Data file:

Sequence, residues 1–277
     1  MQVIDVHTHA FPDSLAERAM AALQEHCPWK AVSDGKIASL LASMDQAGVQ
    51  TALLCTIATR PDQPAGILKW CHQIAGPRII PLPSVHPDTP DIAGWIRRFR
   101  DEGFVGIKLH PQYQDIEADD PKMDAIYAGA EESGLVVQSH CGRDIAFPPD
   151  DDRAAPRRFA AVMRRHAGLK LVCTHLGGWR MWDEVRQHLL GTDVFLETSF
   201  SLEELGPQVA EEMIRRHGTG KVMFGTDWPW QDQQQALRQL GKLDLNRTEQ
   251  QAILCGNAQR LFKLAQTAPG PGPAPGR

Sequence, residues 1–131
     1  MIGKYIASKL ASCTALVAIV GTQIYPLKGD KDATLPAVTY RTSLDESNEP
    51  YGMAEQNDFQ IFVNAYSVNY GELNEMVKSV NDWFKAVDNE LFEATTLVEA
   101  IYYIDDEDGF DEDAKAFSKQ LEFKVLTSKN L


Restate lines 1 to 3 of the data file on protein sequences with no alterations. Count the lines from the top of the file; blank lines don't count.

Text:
Sequence, residues 1–277
     1  MQVIDVHTHA FPDSLAERAM AALQEHCPWK AVSDGKIASL LASMDQAGVQ
    51  TALLCTIATR PDQPAGILKW CHQIAGPRII PLPSVHPDTP DIAGWIRRFR